News sources consulted, however, assure that Capriles made at least one meeting with Chinese leaders, with the aim of establishing bridges. But these encounters have not been officially reported.
In 2016, the national coordinator of the party founded by Capriles, Julio Borges, officially traveled to China to meet with representatives. He was invited by the China Association for International Understanding (CAFIU). Borges explained the challenges facing the future of his country, and later lauded China’s intent to “know all the visions” of the political actors in his country.
According to an investigation published by the Associated Press, in 2016 the Chinese ambassador to Venezuela dined privately with opposition leaders, despite the fact that the Venezuelan government asked foreign diplomats not to see figures they accuse of trying to destabilize the country. The opposition leaders began to soften their criticism in order to secure help in case they came to power.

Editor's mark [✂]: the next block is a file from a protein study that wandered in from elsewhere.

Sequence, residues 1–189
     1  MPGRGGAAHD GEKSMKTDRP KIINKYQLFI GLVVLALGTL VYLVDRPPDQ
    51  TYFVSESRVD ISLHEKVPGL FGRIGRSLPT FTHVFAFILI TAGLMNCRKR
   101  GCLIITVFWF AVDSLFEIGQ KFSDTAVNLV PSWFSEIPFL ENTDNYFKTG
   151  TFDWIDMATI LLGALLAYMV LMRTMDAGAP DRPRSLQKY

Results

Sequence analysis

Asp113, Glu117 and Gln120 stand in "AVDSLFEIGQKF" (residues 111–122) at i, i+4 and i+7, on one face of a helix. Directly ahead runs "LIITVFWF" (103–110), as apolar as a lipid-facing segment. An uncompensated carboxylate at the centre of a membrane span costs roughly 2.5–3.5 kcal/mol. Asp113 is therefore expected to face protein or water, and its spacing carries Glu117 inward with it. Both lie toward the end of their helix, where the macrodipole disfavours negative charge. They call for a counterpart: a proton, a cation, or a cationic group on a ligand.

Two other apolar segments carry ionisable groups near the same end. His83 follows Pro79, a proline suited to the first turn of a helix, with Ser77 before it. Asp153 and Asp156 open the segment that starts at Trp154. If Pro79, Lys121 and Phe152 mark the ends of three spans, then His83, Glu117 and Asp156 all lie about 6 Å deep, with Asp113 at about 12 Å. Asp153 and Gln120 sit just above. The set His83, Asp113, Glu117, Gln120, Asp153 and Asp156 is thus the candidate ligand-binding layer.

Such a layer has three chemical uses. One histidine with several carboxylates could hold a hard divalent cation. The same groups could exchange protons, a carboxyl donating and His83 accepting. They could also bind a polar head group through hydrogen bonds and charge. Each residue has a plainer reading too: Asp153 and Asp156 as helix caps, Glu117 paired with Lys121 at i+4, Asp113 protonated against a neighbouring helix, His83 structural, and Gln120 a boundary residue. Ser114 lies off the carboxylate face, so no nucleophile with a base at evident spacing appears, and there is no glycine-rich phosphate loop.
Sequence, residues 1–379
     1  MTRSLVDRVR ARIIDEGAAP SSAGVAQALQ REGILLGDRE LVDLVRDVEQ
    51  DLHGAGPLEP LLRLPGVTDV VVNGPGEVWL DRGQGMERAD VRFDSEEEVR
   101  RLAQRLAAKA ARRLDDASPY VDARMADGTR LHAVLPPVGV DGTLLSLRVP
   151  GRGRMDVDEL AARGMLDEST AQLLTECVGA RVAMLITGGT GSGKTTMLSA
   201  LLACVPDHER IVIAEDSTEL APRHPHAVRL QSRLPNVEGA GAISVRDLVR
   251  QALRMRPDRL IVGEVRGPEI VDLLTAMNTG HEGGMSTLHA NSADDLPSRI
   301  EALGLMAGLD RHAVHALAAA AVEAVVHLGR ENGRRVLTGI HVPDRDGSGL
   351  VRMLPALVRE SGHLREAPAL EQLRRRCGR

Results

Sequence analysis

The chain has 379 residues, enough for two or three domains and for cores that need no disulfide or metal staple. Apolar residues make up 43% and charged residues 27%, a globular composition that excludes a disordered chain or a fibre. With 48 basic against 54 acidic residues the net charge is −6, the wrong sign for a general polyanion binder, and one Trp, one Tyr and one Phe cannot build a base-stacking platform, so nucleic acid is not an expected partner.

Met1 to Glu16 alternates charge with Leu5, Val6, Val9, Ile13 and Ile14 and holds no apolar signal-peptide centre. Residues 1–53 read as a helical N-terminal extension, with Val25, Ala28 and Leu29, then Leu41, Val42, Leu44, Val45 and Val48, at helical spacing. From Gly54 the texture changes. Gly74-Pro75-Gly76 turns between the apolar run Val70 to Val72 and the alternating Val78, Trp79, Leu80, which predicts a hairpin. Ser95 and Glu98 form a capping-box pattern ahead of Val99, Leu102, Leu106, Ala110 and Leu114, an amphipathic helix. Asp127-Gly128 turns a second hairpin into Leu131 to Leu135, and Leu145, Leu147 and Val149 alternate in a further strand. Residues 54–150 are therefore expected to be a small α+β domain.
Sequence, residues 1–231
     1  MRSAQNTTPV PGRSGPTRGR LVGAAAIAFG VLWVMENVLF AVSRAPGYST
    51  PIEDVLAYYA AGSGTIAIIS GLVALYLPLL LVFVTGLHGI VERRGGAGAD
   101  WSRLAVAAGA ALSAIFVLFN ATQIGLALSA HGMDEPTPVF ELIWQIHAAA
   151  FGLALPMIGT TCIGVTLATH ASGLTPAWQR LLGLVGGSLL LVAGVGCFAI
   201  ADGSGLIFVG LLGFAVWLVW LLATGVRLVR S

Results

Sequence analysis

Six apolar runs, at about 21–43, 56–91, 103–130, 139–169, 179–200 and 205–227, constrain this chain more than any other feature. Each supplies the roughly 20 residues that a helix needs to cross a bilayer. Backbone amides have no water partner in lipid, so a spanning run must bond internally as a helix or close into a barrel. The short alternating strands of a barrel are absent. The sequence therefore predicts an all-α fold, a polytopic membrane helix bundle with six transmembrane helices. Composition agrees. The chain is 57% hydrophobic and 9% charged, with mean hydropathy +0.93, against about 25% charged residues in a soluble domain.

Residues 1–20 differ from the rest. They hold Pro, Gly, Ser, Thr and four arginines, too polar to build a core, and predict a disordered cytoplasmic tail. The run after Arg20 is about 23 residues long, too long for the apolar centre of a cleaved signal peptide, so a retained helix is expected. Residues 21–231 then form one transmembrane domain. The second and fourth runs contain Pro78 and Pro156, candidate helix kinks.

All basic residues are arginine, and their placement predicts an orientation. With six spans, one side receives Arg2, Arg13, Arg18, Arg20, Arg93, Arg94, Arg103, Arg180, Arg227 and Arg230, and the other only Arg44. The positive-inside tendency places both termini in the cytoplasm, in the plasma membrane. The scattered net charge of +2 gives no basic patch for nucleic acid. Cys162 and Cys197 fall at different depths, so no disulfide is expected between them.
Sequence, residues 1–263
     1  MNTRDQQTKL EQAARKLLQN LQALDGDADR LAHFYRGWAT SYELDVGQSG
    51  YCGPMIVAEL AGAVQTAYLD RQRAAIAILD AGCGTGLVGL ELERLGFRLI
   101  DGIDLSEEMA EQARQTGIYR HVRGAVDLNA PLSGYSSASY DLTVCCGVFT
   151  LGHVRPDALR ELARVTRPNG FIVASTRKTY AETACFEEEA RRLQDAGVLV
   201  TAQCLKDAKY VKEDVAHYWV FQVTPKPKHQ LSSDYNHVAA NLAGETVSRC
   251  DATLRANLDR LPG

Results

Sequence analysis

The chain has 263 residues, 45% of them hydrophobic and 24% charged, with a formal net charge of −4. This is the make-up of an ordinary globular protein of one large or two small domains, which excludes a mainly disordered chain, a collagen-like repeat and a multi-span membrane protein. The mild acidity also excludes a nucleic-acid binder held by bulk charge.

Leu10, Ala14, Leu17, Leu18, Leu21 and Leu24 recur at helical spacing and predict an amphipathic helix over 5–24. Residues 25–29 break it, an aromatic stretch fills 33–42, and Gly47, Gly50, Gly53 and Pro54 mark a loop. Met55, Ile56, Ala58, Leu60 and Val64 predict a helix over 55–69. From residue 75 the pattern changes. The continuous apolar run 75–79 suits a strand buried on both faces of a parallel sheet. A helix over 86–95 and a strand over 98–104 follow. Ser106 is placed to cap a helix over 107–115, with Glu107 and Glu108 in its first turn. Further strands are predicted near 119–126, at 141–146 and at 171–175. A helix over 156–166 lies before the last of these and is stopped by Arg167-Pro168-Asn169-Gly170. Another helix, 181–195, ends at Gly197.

A year later, in 2017 and in the midst of a popular revolt that left at least 140 dead in Venezuela, Borges continued to seek rapprochement with China, as well as with Russia, at the 137th annual meeting of the Inter-Parliamentary Union (IPU) held In St. Petersburg. The IPU brought together 1,550 delegates, 700 parliamentarians, 85 presidents, and 50 vice presidents.
Other opposition leaders have pointed out the need to establish ties with China and Russia in the future. As of 2016, China has stopped issuing new loans to Venezuela. Since, Chinese representatives have participated in unofficial meetings with individual members of the opposition in the search for promises that debts will be settled in the future.